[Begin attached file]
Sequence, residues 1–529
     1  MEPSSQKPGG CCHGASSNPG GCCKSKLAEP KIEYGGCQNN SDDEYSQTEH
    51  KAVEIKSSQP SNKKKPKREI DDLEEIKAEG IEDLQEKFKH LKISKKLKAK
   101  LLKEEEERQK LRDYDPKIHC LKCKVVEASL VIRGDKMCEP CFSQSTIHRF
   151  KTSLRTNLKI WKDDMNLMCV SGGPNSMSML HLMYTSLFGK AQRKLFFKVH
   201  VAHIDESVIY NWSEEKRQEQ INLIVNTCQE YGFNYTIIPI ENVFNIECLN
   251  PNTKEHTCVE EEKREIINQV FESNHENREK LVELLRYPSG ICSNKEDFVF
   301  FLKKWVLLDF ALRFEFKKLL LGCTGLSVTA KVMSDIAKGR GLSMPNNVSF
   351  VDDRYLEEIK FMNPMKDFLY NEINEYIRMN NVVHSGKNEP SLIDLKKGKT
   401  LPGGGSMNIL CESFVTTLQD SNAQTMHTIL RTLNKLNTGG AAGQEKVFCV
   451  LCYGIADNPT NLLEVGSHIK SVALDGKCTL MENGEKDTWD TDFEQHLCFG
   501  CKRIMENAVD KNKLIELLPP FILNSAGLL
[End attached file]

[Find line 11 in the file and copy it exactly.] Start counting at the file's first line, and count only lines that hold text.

   451  LCYGIADNPT NLLEVGSHIK SVALDGKCTL MENGEKDTWD TDFEQHLCFG